India speeds up phytosanitary processes for cherries from the northwest of the U.S.

India speeds up phytosanitary processes for cherries from the northwest of the U.S.

Cherries from U.S.
This year 10,000 boxes are expected to be sent
Cherries from U.S.

A new agreement closed towards the end of the 2022 season speeds up India’s phytosanitary regulations, allowing cherry shippers in the Pacific Northwest to access a “systems approach,” as reported by goodfruit.com.

Thus, transporters will be able to demonstrate that they follow a continuous method throughout the season to avoid pests and diseases in fruit shipments, which begins in the orchard and continues until export.

This year, as the website indicates, around 10,000 boxes are expected to be sent to Indian ports, leaving behind the fumigation requirements that heat and soften the fruit.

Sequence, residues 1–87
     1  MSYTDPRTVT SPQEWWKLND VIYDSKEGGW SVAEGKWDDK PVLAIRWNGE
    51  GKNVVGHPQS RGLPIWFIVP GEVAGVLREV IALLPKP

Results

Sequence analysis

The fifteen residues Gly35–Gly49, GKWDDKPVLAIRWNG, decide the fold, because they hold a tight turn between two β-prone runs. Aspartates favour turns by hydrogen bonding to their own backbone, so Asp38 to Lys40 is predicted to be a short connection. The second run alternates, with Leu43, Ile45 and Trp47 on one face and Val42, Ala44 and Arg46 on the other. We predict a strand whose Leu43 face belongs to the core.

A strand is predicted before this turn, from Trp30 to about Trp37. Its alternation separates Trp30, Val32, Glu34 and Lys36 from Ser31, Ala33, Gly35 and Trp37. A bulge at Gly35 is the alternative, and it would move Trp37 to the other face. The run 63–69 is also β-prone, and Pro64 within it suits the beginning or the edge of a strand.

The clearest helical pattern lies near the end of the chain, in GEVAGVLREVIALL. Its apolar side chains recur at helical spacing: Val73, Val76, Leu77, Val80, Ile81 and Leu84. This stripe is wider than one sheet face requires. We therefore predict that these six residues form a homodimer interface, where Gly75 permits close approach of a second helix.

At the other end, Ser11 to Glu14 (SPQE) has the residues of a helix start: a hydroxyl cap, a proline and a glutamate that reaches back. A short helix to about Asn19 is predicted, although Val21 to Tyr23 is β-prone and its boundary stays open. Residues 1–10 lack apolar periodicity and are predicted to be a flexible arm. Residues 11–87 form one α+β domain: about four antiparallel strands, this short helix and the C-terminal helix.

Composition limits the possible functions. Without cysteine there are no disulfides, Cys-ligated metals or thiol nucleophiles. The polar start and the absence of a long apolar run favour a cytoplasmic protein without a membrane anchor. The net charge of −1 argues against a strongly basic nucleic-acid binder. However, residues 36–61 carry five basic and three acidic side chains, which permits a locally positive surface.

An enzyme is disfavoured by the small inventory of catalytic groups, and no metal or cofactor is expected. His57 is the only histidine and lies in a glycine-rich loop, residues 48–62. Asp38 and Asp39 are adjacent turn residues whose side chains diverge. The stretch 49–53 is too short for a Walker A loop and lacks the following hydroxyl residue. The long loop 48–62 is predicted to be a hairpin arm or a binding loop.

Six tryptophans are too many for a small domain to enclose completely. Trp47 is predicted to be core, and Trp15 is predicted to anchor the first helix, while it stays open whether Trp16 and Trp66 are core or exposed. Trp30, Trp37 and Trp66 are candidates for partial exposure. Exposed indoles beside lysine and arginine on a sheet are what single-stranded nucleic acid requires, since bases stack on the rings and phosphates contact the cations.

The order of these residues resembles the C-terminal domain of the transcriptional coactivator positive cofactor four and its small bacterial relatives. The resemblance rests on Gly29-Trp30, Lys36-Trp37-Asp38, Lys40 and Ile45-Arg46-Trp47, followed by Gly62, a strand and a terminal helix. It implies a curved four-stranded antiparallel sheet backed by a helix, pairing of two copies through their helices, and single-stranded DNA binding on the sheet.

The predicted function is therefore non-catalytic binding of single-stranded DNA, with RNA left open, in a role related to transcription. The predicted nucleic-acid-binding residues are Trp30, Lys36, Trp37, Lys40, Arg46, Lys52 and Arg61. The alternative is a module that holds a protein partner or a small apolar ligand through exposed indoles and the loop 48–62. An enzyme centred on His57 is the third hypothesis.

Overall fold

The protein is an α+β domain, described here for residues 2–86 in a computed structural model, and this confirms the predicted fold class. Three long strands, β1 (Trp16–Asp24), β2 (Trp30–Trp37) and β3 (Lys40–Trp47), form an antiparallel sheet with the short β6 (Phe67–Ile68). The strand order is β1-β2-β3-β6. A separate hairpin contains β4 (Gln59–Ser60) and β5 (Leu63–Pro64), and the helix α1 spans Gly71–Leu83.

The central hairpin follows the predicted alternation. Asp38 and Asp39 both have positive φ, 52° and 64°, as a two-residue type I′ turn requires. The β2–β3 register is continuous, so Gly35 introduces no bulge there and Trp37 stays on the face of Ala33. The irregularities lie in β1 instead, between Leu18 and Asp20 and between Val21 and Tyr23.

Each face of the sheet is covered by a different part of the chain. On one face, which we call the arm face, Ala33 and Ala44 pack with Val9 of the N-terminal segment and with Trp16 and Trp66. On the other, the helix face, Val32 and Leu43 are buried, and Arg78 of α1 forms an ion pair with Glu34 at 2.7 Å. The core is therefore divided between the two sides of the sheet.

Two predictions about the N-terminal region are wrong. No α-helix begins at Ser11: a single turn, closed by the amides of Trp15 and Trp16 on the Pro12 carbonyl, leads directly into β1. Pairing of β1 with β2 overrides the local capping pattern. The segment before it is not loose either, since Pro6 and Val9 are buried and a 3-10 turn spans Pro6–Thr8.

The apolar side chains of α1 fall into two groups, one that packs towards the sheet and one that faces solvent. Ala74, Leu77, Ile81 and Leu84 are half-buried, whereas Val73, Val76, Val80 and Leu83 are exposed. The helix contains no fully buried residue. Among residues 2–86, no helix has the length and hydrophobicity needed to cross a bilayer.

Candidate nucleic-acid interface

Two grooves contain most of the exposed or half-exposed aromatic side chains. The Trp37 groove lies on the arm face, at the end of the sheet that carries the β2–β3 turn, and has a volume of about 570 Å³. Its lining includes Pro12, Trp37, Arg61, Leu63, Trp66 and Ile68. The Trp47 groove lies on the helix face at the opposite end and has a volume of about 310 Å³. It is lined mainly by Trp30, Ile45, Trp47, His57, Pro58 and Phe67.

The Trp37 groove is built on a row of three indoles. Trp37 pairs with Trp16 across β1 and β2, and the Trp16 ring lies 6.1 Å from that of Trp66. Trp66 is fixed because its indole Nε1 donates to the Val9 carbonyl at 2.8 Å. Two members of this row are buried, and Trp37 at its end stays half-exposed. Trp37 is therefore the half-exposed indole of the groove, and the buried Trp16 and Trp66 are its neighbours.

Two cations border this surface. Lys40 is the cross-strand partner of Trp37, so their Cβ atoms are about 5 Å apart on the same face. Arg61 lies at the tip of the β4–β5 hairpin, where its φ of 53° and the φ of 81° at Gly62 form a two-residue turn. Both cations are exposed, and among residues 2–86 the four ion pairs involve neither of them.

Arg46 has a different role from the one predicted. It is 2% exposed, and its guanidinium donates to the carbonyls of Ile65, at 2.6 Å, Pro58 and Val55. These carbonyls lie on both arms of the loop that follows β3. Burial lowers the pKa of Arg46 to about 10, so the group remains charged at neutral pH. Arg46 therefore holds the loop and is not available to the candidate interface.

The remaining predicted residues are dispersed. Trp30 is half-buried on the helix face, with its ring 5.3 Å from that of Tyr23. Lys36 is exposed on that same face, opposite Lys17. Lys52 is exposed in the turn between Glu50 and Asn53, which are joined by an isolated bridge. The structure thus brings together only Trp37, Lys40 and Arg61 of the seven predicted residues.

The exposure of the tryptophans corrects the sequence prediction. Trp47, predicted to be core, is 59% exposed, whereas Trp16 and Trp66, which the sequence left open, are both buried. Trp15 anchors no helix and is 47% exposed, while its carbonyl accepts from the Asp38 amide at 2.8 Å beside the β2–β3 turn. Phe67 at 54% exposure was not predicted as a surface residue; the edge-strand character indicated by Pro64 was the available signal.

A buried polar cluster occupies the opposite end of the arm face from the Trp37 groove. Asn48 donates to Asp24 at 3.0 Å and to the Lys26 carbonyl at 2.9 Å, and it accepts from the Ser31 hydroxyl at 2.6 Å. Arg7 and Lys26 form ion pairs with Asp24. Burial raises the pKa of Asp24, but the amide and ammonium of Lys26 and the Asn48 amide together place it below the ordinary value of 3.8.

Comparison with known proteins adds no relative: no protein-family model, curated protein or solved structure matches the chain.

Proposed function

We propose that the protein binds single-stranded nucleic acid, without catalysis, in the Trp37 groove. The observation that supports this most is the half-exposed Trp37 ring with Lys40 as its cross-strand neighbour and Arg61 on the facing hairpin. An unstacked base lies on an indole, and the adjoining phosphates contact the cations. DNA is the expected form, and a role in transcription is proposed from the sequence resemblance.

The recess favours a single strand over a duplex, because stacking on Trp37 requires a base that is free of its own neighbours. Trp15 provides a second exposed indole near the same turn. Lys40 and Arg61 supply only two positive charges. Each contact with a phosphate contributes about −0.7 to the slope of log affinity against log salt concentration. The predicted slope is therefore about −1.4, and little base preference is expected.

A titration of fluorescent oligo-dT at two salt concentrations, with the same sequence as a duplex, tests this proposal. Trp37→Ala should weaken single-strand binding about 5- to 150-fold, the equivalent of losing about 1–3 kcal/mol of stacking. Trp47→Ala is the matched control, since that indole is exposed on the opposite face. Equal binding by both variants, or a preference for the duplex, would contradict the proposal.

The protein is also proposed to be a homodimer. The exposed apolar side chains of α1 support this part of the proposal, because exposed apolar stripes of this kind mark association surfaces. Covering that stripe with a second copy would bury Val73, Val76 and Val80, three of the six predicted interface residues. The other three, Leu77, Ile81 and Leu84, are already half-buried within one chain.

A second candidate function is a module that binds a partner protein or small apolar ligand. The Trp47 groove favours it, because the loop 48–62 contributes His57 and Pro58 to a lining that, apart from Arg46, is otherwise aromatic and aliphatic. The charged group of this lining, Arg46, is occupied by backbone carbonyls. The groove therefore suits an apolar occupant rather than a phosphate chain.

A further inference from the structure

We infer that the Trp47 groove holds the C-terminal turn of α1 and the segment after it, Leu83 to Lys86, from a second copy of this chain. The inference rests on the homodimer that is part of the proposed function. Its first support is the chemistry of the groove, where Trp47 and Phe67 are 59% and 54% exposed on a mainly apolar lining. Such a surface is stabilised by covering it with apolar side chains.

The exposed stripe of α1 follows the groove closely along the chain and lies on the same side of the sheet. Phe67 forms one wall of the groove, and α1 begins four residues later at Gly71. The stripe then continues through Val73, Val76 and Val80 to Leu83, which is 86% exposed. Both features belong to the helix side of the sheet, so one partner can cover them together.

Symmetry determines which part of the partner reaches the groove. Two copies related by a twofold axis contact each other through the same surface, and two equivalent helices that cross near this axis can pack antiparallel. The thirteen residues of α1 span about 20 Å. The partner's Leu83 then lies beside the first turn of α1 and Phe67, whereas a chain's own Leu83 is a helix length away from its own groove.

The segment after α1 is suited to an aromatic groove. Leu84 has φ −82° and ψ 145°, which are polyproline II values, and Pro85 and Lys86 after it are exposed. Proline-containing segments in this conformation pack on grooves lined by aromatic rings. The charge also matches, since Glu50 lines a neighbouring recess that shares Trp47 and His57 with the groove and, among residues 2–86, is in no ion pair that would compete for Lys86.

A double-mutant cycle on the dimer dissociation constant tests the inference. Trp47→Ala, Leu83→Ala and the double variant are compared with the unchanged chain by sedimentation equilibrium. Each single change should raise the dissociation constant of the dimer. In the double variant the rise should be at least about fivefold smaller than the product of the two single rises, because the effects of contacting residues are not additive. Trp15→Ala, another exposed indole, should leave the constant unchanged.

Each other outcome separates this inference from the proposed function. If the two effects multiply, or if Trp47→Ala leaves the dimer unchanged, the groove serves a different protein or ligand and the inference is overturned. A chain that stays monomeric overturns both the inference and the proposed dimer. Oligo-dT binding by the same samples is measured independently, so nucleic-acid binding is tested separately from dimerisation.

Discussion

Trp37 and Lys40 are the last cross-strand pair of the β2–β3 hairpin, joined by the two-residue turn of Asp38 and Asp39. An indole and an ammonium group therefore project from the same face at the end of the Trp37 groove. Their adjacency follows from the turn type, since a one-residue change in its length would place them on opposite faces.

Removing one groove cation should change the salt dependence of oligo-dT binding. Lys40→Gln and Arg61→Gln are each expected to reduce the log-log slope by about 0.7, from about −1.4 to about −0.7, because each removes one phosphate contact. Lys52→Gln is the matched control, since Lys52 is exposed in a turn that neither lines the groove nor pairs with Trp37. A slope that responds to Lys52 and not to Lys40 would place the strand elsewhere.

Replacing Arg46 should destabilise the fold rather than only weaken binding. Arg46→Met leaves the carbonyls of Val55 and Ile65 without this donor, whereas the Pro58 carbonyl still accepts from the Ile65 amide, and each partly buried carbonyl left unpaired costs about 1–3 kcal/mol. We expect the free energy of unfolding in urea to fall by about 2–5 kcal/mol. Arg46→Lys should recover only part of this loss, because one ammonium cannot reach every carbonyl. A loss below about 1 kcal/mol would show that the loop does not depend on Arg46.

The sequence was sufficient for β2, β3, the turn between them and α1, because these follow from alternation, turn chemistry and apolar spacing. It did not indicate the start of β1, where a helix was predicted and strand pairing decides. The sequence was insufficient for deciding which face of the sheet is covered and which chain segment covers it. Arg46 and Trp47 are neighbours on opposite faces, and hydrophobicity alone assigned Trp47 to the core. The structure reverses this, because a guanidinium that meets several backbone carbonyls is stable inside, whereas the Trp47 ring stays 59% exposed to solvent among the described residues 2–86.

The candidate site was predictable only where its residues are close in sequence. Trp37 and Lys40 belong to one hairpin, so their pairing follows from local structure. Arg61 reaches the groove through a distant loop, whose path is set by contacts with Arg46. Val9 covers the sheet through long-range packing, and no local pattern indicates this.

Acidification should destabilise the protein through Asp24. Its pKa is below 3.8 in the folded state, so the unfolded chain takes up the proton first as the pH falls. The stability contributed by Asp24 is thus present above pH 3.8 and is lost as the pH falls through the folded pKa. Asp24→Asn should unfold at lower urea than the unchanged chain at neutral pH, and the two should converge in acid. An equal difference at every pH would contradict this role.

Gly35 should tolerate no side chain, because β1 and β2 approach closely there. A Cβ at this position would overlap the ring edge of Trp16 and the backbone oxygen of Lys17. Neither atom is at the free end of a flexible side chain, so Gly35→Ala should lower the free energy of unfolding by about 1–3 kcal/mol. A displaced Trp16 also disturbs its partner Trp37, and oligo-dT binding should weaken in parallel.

India as market

Currently, India is one of the countries of greatest interest for fruit exporters and even though it does not yet have a market like China (in the case of cherries), experts and producers see high potential in the country for the future for all fruits in general.

In particular, the cherry effort began more than 10 years ago, in 2010, said Riley Bushue, director of congressional relations and export programs for the Northwest Horticultural Council.  This meant years of technical exchanges between the U.S. Department of Agriculture’s Animal and Plant Health Inspection Service and India’s Ministry of Agriculture and Farmers Welfare, visits to port facilities and orchards, to name a few, to reach an agreement in July of last year.

This article was originally published on Goodfruit.com. You can read it in the link.

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